Second, the study maps the reasons for court delay based on the hundreds and hundreds of cases decided by the Court on this issue as well as additional information by the Council of Europe, which follows up on these judgments and evaluates national reforms undertaken to address this issue. The report maps the reasons for court delay providing concrete examples and national reform approaches. It distinguishes between external reasons for delays, delays common to all types of proceedings, and delays in civil, criminal, and administrative proceedings.

Third, the report contains a number of useful tables, which make the findings in different cases comparable and provide for some interesting benchmarks in terms of court delay.

English Version:

Link to Word Document

CEPEJ - Checklist of Indicators for the Analysis of Lengths of Proceedings in the Justice System

The Council of Europe's European Commission for the Efficiency of Justice (CEPEJ) has adopted a checklist in 2005 regarding time management in the courts. It is aimed at helping to collect appropriate information and to analyze relevant aspects of the duration of judicial proceedings in order to reduce undue delays, ensure effectiveness of the proceedings and provide necessary transparency for the users of the court system.

CEPEJ - Practical Ways of Combating Delays in the Justice System, Excessive Workloads of Judges and Case Backlogs

The Council of Europe's European Commission for the Efficiency of Justice (CEPEJ) published a report in 2005 about practical ways of combating court delay, excessive workloads of judges, and case backlogs. The report presents lessons from the Netherlands, the Czech Republic, and Austria.

Reforming Civil Justice Systems: Trends from Industrialized Countries

Civil justice reform efforts in industrial countries face common problems in increasing access to justice and reducing costs and delays. These efforts also confront a common obstacle —the legal profession’s interest in the status quo. This PREM Note published in 2000 summarizes trends in OECD countries.

The Processing of Each Case Within an Optimum and Foreseeable Timeframe (Council of Europe)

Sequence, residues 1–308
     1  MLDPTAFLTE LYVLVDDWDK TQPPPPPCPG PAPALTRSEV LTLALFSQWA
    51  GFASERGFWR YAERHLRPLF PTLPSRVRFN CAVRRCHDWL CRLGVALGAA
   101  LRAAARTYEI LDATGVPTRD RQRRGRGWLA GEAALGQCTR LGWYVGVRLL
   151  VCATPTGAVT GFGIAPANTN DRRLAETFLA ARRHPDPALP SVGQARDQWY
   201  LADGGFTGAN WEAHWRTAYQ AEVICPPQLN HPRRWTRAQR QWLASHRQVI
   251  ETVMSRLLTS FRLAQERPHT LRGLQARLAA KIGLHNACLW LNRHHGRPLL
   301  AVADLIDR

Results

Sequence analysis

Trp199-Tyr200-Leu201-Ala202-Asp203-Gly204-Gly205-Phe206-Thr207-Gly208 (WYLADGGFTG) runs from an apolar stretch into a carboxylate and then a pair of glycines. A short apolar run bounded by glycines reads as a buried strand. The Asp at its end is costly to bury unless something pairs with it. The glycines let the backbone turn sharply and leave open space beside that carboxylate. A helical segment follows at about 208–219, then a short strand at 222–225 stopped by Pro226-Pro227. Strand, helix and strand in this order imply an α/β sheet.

This framework program developed by the Council of Europe’s European Commission for the Efficiency of Justice (CEPEJ) summarized causes of court delay, defines the basic principles to consider, and defines lines of action to reduce court delay.

linkFramework Program 


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Case Management

Case management is the way cases flow through the entire court system. In other words, it is the way cases and court capacity are matched. From a management perspective, the supply of judicial services has to match the demand for judicial services by those seeking justice, not only in aggregated numbers, but also in terms of location and time. Capacity must be available at the time and the place demand occurs. Moreover, general and specialized jurisdictions have to match the demand in terms of number and types of cases. Furthermore, the case management has to take into consideration the interaction between lower and higher courts in terms of first instance, appeals and cassation. A dysfunctional case management system means that the distribution of cases across the court system does not utilize existing capacities in an optimal way. This leads to court delay in certain parts of the court system, either for certain courts, for certain types of cases, or at certain times.